If you want to get universal coverage, there has to be some form of health insurance coverage that is universally accessible, automatic, and mandatory that everyone has it.

Mark Shepard

Smith: Are you hopeful that these more radical changes to achieving universal coverage are feasible?

Shepard: I think that there is hope here for more fundamental reform, keeping in mind that the key barrier has been the fear of disruption. People don't like the health insurance system and the health care system that we have today. But there's a fear that if reforms take effect, that it could make it worse, that it might not move it in the right direction. How can you sort of balance alleviating ordinary people's fears with the prospect that we really do need reform of the system? It would likely take the form of some form of universal health insurance coverage that everyone has access to, but doesn't eliminate existing coverage via employer-provided coverage or via the Medicare program; it would be an add-on type of coverage that everyone would have as a baseline. And then, employer coverage could be preserved as a way to buy extra access to health insurance on top of that. You would automatically have the universal plan that would be based on a government-subsidized health insurance program, but then you could choose to opt out of that and get employer-provided coverage instead.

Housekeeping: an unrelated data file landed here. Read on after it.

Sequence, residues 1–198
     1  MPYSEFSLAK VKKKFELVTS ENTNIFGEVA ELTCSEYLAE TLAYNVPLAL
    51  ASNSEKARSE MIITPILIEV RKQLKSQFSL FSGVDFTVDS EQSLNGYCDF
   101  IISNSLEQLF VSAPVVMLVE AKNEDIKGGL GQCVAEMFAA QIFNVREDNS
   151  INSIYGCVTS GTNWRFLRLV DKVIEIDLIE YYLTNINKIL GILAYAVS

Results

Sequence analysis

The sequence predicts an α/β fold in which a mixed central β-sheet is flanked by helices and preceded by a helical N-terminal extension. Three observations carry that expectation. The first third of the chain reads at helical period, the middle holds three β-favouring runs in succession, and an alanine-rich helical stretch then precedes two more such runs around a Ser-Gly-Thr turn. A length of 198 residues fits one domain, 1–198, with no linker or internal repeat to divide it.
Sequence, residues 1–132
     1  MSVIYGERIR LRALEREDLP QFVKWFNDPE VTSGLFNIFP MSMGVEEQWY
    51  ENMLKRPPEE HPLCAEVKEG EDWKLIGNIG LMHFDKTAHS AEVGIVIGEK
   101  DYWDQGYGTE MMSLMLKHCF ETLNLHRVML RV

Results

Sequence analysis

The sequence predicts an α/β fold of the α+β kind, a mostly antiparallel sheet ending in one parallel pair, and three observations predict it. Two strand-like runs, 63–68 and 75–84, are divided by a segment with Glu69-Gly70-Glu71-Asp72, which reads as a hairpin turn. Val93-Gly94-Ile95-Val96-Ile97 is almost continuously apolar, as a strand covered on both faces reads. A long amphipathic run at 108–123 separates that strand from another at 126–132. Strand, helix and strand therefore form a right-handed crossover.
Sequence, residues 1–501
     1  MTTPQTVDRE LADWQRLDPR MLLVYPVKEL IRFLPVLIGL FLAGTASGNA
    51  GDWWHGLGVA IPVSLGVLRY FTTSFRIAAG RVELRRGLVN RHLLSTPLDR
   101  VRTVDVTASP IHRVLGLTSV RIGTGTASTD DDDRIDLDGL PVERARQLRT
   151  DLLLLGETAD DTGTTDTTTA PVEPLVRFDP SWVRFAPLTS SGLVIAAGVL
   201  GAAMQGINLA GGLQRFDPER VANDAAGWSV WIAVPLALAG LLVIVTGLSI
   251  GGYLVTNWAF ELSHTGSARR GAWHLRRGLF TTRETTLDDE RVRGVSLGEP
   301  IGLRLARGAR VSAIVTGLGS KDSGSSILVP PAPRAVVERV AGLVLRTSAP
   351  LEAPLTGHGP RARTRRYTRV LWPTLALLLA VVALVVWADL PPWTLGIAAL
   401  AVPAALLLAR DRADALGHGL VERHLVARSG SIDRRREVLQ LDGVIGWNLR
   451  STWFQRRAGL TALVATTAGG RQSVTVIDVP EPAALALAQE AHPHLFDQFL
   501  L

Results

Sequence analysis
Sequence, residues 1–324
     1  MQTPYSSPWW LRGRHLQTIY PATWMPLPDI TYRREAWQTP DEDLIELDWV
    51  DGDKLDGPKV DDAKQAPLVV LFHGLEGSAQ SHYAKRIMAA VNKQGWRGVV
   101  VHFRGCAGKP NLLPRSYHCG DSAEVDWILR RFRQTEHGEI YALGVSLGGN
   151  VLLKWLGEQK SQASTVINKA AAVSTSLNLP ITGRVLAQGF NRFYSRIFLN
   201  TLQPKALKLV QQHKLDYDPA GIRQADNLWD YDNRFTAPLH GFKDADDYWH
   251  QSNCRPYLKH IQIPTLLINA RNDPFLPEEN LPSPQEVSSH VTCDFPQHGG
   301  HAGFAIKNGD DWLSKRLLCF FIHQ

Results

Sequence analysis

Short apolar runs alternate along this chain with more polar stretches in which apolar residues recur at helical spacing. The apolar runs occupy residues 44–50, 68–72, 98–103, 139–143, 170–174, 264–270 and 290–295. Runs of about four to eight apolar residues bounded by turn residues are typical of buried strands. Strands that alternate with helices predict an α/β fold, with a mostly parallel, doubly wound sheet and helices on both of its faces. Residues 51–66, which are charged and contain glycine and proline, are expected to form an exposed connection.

But importantly, if you want to get universal coverage, there has to be some form of health insurance coverage that is universally accessible, automatic, and mandatory that everyone has it. When you set up a system where people have to voluntarily enroll and pay significant premiums and do paperwork to get health insurance coverage, you end up with a ceiling on how many people you can get covered. I think we're close to that ceiling today. In that case, it's unlikely that we'll get all the way to the 100 percent coverage that other high-income nations around the world have been able to achieve over the past decades.

Achieving Universal Health Insurance Coverage in the United States: Addressing Market Failures or Providing a Social Floor?” appears in the Spring 2023 issue of the Journal of Economic Perspectives. Music in the audio is by Podington Bear.